The Museum established in Palazzo Poggi is one of the most fascinating places I have ever visited. The structure of the Palazzo dates back to the works carried out in the 16 century to modify and enlarge the building that had been purchased at the end of the 15 century by the Poggi family. The plan to expand and embellish the palace dates from the mid-1500s and was the idea of Giovanni Poggi, powerful cleric and eminent figure in the papal curia.
The Museo di Pi Palazzo Poggi reconstitutes the laboratories and collections of the former Isituto delle Scienze – founded by Luigi Ferdinando Marsili – who worked there from 1711 to 1799. It was the first public institute dedicated to the scientific research and study following the methodology of direct observation and experimentation.
On account of the rich array of instruments available and the wide spectrum of disciplines covered – from Natural History to Archaeology, from Chemistry to Physics, from Astronomy to Anatomy, and applications of Mathematics and pure Mechanics – it represented a point of references for European Scientists that was avant-garde in terms of the means adopted, the methods followed and the areas of research cultivated.
Following the Napoleonic reform of the academies and universities, the laboratories of the Isituto delle Scienze passed to the various faculties of the University and subsequently formed the historical nucleus of the most important museums in Bologna. In 2000 the University of Bologna reopened the rooms of Palazzo Poggi to the public and reinstated the historical function of the building by returning the exhibits and scientific instruments to their rooms.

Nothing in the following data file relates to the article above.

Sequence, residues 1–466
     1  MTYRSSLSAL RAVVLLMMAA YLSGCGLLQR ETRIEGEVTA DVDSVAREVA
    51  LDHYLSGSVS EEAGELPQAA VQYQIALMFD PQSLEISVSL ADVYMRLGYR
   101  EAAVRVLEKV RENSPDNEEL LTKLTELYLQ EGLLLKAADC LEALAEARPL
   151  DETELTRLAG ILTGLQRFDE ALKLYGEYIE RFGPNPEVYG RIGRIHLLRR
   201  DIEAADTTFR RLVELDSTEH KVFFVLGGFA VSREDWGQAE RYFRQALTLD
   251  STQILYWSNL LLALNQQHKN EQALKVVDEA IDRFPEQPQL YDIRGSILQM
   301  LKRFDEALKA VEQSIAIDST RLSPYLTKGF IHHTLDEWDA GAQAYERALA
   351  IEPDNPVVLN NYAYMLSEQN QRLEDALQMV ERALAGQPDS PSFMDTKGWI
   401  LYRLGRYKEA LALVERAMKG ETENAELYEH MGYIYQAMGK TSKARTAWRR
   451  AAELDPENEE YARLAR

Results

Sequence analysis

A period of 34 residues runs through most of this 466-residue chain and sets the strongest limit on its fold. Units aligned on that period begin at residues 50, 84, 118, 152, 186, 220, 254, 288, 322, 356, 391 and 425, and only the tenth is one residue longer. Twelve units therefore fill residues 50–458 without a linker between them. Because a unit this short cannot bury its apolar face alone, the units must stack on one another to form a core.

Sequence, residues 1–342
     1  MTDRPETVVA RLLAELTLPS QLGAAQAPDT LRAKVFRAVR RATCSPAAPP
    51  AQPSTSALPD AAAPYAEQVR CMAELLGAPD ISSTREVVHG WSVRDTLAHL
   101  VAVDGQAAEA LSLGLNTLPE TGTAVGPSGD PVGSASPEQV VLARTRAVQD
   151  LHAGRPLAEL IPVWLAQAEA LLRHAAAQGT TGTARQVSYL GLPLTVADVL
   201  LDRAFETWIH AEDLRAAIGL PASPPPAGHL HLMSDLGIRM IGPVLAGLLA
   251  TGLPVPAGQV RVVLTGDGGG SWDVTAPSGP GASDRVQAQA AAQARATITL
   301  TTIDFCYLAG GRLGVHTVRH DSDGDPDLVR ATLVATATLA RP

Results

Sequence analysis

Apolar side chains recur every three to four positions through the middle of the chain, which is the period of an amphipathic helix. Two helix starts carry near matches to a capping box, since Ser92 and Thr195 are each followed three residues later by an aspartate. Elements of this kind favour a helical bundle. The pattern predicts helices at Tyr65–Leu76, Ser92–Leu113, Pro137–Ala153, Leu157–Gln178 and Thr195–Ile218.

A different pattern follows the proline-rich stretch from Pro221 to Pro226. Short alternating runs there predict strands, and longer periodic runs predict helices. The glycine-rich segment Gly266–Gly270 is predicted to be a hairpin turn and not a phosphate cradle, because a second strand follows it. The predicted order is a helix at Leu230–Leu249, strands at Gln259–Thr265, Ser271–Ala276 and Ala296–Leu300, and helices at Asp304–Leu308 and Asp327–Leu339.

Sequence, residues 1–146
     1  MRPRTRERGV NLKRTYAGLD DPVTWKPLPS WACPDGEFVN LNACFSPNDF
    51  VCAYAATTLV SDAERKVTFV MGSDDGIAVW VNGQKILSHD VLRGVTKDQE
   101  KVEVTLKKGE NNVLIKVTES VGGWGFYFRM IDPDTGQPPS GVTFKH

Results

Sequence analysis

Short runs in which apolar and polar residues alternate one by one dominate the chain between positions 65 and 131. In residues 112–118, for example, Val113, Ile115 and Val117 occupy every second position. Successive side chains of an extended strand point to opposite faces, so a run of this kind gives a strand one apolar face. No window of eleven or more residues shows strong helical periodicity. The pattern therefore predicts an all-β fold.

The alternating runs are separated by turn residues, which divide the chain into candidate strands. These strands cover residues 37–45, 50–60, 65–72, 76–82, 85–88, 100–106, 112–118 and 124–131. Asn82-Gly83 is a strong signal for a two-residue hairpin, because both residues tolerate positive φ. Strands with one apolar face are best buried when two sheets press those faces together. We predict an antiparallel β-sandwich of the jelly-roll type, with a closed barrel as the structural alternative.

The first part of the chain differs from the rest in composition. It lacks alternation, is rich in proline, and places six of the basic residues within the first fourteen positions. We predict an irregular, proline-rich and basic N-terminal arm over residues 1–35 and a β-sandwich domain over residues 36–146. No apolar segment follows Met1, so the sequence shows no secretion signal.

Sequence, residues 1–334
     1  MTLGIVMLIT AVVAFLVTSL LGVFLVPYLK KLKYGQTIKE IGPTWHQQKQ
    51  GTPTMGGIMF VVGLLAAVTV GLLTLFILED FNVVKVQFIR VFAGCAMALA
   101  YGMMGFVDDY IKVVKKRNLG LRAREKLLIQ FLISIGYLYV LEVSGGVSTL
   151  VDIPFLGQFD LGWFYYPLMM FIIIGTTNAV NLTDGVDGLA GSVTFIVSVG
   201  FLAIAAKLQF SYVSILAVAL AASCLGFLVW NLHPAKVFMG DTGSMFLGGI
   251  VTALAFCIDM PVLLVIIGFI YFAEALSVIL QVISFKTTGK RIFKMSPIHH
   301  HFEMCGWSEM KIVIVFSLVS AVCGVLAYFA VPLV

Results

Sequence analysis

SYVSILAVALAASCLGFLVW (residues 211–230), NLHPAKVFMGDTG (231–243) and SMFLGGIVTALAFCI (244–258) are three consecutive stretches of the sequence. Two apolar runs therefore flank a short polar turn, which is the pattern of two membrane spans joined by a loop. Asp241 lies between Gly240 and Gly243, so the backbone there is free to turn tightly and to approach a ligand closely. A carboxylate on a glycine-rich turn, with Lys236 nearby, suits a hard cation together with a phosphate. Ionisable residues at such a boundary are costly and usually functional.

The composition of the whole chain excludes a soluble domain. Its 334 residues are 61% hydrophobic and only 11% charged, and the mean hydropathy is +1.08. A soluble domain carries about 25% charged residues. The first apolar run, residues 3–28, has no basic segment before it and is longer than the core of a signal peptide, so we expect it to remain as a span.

In here in 1758 Giovanni Antonio Galli (1708-1782), Professor of Surgery at the University of Bologna, set up a School of Obstetrics, where the science of the childbirth was taught to doctors and midwives, adopting a method that made use of wax panels and clay models of the uterus as well as instruments that simulated the real situation of gestation.
The practical side of Galli’s lessons was based on three dimensional models. That is to say, wax panels, today on display, were designed to provide a basic anatomical knowledge of the reproductive organs. Models were made of coloured clay, showing the evolution of the uterus during pregnancy and the positions assumed by the foetus inside.
However the most innovative aspect was the performance of practical exercises using “machines”, which allowed a stimulation of the practice of obstetrics. It was with the aid of the so called “birthing machines”, that Galli tested his students’ knowledge and learning.
The Bolognese Venerina is one of the more or less faithful replicas of the original model, the Venere dei Mecidi that Clemente Susini (1754-1814) made in Florence. The agony of a young women is represented in her last instant in life as she abandons herself to death voluptuously and completely naked.
The thorax and abandonment can be opened, allowing the various parts dissection. A virtual dissection, to be carried out by lifting the movable layers or “pieces” to reveal veins, arteries and internal organs. A young women, Venerina, carries a foetus in her womb – to suggest the proactive potential of the female body – despite the total lack of any outward signs of pregnancy.
The alienating effect that the statue produces by combining anatomical detail crude and repulsive, with a harmonious and sensual lightness, is a result of a precise scientific choice: sensitivity is an essential quality of matter; sensitivity – with its wide range of manifestation, including the sensuality of the Venerina who surrenders herself to death – lies at the core of the physical and physiological organisation of men.
Apart from this incredible and truly extraordinary collection focused on medicine and wonders of human body, you will be able to spot few less shocking displays, like The Ship Gallery, Geography and Nautical Room and fascinating library, with beautifully preserved Terrestrial Globe by Vincenzo Cornelli, from Venice, c. 1688. He was an official cosmographer for the Republic of Venice and founded the Academia degli Argonauti, considered the oldest geographical society of the world.
Amazingly affordable and fascinating – Bologna will stay in my heart for a long time, as a town which gave me one of the best weekends breaks with my sister. Thank you Italy!
Please, go to my previous posts to see what is worth seeing in this beautiful, but somehow overlooked city!